When Microsoft (MSFT 1.30%) presented its second-quarter fiscal 2023 earnings on Jan. 24, 2023, management told Wall Street things it already knew. For instance, everyone knows that the short term looks bleak due to a poor macroeconomy.
If you are a bear, you can seize upon the fact that revenue growth is decelerating and guidance for the next quarter is less than expected as a thesis to avoid investing in the company. However, if you are a bull, the company highlighted several long-term secular growth drivers as premises for investors to buy the stock today.
One of those growth drivers that excite investors the most is what Microsoft CEO Satya Nadella describes as “the next major wave of computing … being born,” which is artificial intelligence (AI). Nadella believes that vast amounts of enterprise value will accrue to the companies that lead this new wave of computing. And if you follow its recent moves, Microsoft aims to be an AI leader.
You might wonder whether Microsoft has what it takes to position itself as an AI leader in the face of solid competition from companies like Alphabet (NASDAQ: GOOG) (NASDAQ: GOOGL) and whether it can monetize the opportunity enough to give people solid grounds to invest.
Let’s examine those questions.
Microsoft is throwing its hat in the AI ring
Until recently, Alphabet and Meta Platforms garnered the most attention as the leading companies in AI development from consumers, developers, and investors. However, in late November, an innovative company named OpenAI released a game-changing AI model on its website that some people believe could change the internet search experience. Then a few months later, two days before its second-quarter fiscal 2023 earnings release, Satya Nadella’s company made a massive investment in OpenAI, and it became official: Microsoft finally tossed its hat in the ring of AI competition.
Although Nadella has not given financial details on the deal, the news website Semafor published rumors that the terms the two sides negotiated were for Microsoft to provide $10 billion in funding and, in return, it “would get 75% of OpenAI’s profits until it recoups its investment.” After, Microsoft would own a 49% stake in OpenAI. Additionally, it becomes OpenAI’s exclusive cloud provider.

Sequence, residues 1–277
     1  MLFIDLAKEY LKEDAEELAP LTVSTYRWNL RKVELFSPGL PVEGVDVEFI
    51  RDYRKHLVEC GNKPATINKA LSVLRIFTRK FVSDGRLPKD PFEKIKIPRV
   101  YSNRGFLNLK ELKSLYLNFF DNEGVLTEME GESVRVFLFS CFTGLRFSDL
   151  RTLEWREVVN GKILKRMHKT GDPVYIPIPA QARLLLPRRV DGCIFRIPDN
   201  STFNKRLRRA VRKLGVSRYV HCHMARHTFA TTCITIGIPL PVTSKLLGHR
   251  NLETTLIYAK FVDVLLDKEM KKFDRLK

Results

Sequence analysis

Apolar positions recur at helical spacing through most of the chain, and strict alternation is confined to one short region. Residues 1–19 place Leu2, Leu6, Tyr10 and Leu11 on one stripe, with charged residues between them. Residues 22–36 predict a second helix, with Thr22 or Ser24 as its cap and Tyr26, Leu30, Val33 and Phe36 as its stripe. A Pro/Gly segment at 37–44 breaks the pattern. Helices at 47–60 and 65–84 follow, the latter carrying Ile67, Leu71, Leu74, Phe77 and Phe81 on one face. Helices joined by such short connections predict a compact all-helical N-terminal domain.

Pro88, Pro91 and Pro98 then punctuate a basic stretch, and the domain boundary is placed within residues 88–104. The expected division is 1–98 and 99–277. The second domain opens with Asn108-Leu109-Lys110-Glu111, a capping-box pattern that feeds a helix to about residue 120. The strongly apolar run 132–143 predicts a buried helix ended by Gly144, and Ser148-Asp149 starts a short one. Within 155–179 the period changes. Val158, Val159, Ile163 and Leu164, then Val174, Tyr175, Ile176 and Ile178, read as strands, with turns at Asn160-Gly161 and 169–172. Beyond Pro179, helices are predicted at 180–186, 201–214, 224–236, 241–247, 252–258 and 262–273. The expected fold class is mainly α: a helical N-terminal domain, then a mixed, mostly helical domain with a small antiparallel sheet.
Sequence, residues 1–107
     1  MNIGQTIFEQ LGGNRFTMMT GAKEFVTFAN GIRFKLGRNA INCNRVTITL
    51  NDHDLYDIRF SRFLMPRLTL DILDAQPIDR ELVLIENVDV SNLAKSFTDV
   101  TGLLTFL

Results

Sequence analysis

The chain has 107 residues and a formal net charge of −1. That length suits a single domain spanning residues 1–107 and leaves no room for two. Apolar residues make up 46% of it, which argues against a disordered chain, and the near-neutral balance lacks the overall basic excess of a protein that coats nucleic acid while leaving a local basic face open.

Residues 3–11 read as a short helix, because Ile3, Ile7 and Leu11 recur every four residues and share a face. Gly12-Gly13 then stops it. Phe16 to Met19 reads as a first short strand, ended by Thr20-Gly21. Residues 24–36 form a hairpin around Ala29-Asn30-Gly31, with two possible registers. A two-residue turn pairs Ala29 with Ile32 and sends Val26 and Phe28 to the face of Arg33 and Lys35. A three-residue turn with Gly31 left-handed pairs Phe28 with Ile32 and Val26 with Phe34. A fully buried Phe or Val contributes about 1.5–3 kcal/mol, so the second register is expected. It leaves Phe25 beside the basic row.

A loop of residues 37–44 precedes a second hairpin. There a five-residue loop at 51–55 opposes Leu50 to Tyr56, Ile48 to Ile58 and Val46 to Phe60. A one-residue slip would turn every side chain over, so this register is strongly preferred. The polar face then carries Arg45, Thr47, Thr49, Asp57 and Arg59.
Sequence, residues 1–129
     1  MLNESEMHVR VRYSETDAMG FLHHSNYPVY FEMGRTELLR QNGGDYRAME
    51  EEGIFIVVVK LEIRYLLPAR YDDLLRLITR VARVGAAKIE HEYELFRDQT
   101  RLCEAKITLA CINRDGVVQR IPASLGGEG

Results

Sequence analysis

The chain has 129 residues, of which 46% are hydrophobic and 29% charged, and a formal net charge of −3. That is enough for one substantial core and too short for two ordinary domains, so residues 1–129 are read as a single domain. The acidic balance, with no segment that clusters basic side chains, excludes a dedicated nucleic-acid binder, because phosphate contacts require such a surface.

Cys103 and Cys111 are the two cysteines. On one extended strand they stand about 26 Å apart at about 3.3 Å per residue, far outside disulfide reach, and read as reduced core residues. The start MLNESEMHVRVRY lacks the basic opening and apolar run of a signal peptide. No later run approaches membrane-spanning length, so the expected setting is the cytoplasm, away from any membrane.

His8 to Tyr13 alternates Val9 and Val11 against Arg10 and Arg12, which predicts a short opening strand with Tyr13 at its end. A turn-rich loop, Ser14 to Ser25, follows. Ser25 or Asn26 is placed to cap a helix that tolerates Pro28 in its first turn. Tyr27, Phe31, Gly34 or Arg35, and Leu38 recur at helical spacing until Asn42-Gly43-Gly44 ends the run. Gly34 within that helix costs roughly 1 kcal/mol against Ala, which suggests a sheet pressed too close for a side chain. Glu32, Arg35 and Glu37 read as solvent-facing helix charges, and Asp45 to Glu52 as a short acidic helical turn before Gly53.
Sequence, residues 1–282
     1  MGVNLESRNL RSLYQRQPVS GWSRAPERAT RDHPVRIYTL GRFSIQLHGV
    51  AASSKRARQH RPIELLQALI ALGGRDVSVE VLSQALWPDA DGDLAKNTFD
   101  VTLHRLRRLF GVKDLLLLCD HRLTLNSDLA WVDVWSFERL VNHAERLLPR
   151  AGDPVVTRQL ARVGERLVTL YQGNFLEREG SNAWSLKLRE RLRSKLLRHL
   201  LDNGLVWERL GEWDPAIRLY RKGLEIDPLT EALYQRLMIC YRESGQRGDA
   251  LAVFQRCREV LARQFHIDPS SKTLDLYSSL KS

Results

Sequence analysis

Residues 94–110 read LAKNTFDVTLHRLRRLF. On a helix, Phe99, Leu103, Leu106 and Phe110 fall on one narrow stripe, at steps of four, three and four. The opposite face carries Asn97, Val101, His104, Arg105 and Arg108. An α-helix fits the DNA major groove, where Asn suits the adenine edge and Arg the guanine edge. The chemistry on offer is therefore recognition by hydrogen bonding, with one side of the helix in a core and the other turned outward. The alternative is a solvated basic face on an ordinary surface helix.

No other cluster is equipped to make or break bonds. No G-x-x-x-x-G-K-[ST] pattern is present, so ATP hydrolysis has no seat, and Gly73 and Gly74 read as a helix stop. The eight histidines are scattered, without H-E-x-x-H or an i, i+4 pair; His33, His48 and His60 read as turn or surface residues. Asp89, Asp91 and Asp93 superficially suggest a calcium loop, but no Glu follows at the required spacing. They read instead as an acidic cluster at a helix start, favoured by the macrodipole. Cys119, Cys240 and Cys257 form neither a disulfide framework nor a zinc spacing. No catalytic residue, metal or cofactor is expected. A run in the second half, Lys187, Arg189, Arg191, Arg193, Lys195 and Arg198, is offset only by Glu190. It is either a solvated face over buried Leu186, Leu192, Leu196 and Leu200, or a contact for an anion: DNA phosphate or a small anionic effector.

Investors only took a short time to process the possibility of Microsoft using OpenAI to make AI products more popular than Google — and they approved. As a result, the stock rose 10% from when the company announced its OpenAI investment on Jan. 23 to Feb. 2, 2023.
A new AI model named ChatGPT
This new AI model that OpenAI unleashed on the world in November 2022, which has so many onlookers excited, is a machine learning model named Chat Generative Pre-trained Transformer, or ChatGPT. This AI has many innovative uses, from translating one language to another, generating working computer code, and writing coherently on any topic. But, most impressively, ChatGPT can act as a customer service chatbot and create responses to human questions virtually indistinguishable from a natural human dialogue.
OpenAI’s model quickly became an internet sensation and soared past 1 million users within a week after its release. And many believe that by the end of January, it had already reached 100 million monthly active users, a rate of growth faster than TikTok, making it the fastest-growing app of all time.
Microsoft is already making use of ChatGPT in its own products. For example, on Feb. 1, the company announced that it was placing ChatGPT in Microsoft Teams Premium, its virtual meetings product. Should ChatGPT prove to be as effective a product as its current popularity suggests, you can expect to see OpenAI’s models across more Microsoft consumer and enterprise products.
AI is a long-term opportunity
If you have read many articles about OpenAI and ChatGPT over the last two months, you might think Microsoft’s investments in AI will have immediate positive returns. But hold your horses.
First, the technology is still experimental, and AI investments could take years to pay off. For instance, it would be wise for everyone to take note of the massive computing costs to power ChatGPT. Eventually, Microsoft will need to figure out how to lower those costs and how to monetize OpenAI’s machine-learning models in an affordable way for its customers. If it can’t, ChatGPT could wind up as nothing more than a wildly expensive toy.
Suppose you buy Microsoft for its potential to be an AI leader. In that case, you are counting on it and OpenAI to figure out how to improve ChatGPT’s responses (it’s still imperfect despite the hype), make the AI service profitable, and navigate legal challenges like the class action copyright lawsuit its AI code-generating software Copilot faces.
However, if you believe former Googlers Paul Buchheit and Sridhar Ramaswamy, Google’s cash cow of Search could be threatened by ChatGPT within a few years, helping complete Satya Nadella’s dream of running the world’s leading company in AI.
Suzanne Frey, an executive at Alphabet, is a member of The Motley Fool’s board of directors. Randi Zuckerberg, a former director of market development and spokeswoman for Facebook and sister to Meta Platforms CEO Mark Zuckerberg, is a member of The Motley Fool’s board of directors. Rob Starks Jr has positions in Alphabet. The Motley Fool has positions in and recommends Alphabet, Meta Platforms, and Microsoft. The Motley Fool has a disclosure policy.